How Refrigeration Changed New York
Whether fishing or cheffing, Chef Pasternack knows how to hook ’em.
Adapted from EAT THE CITY: A Tale of the Fishers, Foragers, Butchers, Farmers, Poultry Minders, Sugar Refiners, Cane Cutters, Beekeepers, Winemakers, and Brewers Who Built New York Copyright © 2012 by Robin Shulman. Published by Crown Publishers, a division of Random House, Inc.
New life, delicious ambitions at the city’s oldest culinary crossroads.
Harlem’s grande dame of produce preservation.
A Wall Street lawyer forsakes finance and finds that treasure really does grow on trees.
The quirky couple behind the Greenmarket’s best small-batch bakery.
Rich Buceta’s brewery finally moves out of his living room.
Thanks in part to City Harvest, a new Greenmarket project is getting more local produce than ever into our city’s diet.
GrowNYC is best known for running the Greenmarkets, where growers sell directly to New Yorkers, sans middleman. But as…
For New Yorkers in need, the Greenmarket is a friend indeed.
Vermont’s ice cream icon is still a New Yorker at heart.
One nickname, two plants, endless recipes.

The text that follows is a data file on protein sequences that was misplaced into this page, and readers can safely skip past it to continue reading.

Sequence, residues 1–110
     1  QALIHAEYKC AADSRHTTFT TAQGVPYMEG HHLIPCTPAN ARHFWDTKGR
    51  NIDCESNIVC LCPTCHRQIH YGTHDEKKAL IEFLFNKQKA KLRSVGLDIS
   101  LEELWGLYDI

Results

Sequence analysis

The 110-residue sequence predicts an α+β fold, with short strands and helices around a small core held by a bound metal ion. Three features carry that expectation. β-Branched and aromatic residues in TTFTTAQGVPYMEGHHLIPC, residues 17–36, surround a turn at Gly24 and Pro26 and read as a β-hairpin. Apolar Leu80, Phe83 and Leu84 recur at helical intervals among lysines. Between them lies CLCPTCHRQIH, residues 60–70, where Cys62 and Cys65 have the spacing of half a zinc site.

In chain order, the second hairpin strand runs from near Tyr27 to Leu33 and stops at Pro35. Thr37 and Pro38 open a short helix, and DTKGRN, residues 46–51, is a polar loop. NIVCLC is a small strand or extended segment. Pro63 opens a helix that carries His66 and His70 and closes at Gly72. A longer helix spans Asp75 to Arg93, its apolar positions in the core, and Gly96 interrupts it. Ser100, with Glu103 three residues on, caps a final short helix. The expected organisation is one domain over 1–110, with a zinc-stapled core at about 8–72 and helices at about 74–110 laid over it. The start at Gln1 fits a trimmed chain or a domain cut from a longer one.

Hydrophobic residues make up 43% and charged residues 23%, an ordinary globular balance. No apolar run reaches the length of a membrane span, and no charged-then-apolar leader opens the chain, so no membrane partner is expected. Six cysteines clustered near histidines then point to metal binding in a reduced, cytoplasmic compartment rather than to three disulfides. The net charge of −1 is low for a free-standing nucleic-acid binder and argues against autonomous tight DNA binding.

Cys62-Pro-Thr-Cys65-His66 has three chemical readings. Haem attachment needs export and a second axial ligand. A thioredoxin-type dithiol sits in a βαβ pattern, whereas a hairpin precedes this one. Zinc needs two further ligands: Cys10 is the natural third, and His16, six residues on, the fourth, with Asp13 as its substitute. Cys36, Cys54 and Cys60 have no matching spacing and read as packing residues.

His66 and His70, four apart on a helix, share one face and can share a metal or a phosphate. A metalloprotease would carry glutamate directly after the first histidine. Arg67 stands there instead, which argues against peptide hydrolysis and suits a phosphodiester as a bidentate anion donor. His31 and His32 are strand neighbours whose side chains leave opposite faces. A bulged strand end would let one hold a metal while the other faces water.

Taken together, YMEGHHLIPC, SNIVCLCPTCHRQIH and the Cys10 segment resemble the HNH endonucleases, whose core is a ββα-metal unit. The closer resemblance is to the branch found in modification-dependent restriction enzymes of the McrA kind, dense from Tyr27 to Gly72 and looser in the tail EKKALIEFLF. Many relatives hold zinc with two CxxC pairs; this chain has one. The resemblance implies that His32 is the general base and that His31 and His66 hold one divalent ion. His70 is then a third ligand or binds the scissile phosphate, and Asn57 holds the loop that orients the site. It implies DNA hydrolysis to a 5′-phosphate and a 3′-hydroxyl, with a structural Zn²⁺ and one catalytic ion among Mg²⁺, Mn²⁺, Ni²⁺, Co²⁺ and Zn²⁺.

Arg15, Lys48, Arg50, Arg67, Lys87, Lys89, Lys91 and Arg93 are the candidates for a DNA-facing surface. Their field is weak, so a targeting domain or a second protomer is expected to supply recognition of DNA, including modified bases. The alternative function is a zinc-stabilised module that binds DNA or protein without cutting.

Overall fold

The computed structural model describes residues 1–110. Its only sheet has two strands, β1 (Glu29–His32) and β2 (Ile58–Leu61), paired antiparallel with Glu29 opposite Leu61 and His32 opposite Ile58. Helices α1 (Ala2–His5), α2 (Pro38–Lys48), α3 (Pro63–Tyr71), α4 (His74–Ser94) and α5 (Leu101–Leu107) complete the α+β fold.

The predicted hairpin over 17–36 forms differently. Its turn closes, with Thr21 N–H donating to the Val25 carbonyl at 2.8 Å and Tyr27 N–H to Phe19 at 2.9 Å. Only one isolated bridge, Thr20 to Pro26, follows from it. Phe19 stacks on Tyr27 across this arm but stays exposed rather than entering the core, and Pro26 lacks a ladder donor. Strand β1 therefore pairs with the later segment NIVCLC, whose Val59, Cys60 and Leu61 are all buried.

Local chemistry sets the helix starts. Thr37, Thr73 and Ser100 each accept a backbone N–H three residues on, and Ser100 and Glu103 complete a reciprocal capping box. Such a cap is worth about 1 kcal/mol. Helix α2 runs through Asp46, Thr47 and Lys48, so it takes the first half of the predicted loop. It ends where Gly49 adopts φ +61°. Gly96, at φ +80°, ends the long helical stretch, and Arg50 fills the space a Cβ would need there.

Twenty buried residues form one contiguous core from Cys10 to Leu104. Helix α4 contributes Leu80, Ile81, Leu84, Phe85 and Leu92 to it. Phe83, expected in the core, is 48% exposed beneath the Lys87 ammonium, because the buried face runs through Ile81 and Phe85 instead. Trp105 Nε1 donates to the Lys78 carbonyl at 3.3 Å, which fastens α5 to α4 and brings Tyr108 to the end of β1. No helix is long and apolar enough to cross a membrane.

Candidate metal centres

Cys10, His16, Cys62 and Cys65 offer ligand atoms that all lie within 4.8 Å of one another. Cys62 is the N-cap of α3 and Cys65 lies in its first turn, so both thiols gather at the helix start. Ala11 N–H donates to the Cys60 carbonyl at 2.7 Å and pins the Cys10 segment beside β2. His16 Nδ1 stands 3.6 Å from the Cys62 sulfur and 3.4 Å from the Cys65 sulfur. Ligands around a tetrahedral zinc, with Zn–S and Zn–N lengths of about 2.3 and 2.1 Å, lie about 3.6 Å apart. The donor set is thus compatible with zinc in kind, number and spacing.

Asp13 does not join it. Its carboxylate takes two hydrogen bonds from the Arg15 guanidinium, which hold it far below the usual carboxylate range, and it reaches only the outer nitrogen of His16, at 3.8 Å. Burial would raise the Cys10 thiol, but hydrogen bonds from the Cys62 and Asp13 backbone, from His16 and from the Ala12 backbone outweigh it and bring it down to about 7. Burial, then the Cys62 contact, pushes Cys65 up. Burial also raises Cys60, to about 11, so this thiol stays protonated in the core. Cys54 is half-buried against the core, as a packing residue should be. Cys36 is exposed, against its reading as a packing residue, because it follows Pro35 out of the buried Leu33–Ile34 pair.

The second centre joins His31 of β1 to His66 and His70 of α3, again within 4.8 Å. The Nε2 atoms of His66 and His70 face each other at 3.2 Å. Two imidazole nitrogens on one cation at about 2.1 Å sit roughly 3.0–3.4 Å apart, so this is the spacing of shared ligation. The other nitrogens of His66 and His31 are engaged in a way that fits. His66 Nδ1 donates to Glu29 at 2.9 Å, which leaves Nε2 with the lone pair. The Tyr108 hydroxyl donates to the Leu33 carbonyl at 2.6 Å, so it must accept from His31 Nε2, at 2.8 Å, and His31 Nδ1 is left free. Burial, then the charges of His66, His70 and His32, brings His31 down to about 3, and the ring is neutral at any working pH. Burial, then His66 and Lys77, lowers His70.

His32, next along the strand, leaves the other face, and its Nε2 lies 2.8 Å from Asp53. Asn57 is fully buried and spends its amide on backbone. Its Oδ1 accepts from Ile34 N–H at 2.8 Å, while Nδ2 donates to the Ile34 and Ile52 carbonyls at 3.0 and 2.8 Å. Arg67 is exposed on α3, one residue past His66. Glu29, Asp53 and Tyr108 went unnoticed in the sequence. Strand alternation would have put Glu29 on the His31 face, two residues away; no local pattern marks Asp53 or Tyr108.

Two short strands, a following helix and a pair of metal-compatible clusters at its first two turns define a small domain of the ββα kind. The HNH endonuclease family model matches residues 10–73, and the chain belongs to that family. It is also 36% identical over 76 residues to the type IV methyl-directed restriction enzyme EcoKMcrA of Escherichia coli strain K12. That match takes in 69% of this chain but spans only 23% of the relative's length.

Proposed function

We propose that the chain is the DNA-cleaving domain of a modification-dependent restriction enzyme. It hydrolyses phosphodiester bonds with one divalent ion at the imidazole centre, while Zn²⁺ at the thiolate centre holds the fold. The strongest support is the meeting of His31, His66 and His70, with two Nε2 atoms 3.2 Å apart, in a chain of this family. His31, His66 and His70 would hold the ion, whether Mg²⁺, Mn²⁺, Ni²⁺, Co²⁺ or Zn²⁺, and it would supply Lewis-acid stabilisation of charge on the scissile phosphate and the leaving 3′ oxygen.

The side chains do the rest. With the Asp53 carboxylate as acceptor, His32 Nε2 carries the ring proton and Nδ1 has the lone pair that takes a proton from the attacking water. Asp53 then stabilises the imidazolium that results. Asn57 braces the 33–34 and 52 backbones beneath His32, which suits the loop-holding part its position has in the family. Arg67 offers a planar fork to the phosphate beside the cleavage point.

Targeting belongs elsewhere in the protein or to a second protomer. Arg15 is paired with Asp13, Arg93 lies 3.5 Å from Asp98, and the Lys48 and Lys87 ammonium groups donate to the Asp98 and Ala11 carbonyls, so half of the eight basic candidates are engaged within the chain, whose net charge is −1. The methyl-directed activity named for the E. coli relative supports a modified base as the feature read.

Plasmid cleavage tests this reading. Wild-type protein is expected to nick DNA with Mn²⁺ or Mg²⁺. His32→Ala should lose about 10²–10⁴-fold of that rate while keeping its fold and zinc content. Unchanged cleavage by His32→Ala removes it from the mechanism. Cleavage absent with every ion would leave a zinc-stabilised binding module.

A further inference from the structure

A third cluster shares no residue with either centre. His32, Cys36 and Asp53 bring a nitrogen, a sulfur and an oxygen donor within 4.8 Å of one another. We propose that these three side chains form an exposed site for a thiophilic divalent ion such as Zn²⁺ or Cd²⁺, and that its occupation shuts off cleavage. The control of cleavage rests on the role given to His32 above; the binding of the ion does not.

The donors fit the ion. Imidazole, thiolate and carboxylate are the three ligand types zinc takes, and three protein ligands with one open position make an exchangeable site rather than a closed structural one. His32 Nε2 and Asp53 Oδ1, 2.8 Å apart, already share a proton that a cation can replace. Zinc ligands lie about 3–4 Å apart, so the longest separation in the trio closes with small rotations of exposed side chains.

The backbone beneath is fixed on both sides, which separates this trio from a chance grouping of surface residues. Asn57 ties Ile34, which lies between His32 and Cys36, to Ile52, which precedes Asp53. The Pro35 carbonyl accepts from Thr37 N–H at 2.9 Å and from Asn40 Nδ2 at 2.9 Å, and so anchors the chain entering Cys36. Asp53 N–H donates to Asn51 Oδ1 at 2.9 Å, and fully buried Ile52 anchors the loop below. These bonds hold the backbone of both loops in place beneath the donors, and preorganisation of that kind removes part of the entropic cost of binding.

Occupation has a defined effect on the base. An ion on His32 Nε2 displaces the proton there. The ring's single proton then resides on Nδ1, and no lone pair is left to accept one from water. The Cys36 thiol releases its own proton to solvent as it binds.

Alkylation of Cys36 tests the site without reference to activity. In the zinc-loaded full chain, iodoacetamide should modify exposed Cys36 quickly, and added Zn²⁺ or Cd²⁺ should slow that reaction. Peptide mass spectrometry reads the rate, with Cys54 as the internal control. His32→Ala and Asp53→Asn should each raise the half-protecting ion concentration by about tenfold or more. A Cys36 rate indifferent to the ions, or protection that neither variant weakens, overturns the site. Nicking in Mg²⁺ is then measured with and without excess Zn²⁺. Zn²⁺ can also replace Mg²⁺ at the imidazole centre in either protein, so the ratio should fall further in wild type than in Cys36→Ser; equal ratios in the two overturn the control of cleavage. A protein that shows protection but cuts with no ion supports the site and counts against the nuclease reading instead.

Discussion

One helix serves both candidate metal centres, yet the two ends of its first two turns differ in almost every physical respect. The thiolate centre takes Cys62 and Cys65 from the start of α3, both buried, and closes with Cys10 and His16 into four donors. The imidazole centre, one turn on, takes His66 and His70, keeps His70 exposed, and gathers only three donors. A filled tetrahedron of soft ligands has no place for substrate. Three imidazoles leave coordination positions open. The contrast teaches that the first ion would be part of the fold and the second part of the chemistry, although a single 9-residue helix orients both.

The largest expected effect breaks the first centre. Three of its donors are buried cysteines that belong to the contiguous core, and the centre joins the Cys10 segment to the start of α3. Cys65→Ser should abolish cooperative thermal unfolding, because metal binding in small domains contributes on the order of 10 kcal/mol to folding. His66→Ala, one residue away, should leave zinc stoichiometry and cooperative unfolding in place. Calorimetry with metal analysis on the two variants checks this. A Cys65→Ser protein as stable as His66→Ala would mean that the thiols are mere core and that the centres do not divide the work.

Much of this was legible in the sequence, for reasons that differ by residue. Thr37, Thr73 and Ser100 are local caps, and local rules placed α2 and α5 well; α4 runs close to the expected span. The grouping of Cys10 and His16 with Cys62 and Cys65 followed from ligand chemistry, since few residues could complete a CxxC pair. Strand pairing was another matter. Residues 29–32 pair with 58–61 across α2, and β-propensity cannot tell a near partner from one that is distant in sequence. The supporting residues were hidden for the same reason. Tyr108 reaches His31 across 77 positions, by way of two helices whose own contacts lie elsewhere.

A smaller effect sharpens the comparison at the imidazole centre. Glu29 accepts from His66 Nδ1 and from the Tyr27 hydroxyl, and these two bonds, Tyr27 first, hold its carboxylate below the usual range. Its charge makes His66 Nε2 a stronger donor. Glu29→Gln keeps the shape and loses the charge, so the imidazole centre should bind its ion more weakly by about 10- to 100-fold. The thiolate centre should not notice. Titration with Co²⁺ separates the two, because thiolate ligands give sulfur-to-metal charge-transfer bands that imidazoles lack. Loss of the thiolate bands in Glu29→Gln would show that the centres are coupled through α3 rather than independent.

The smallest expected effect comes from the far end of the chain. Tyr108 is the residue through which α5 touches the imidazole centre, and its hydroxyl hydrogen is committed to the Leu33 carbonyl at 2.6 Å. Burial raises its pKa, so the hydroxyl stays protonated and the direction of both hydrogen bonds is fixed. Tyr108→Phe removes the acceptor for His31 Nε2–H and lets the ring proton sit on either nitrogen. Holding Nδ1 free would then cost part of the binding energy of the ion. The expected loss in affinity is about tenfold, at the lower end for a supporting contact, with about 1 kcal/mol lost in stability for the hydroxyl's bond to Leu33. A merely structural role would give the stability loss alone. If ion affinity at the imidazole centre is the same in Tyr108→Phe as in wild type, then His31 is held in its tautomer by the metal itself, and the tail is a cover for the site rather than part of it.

Artisan sodas make a splash.
Fizz Ed. At An Choi on Orchard Street real ginger ale gets goosed with dark rum for a sparkly Dark ‘n’ Stormy. GuS is the only soda served at the Green Table.
According to an article in the August 19, 1900, New York Sun, down on Wall Street “the brokers themselves got to buying ice cream sandwiches and eating them in a democratic fashion side by side on the sidewalk with the messengers and the office boys.”
I’ve got two criteria for summer sustenance: a maximum of Greenmarket ingredients and a minimum of minutes at the stove. If you’re similarly inclined, you’ll want to make every recipe in the just-released Salads: Beyond the Bowl (Kyle Books, $19.95) by our friend Mindy Fox.
Pastrami populi. The exhibit shows how lunch got, well, sandwiched.
It’s condimentary. Sir Kensington’s Ketchup is tailor-made for brawny burgers like Little Owl’s.
Andrés Fabre learned the shaved ice trade from his father, who pushed his own cart on the Lower East Side for 18 years.
Rather his goal was to revive a marketplace where Manhattanites have bought local food for centuries, to nurture nascent artisan endeavors, to build community and to introduce thousands of New Yorkers to one another over food that is indeed good, clean and fair.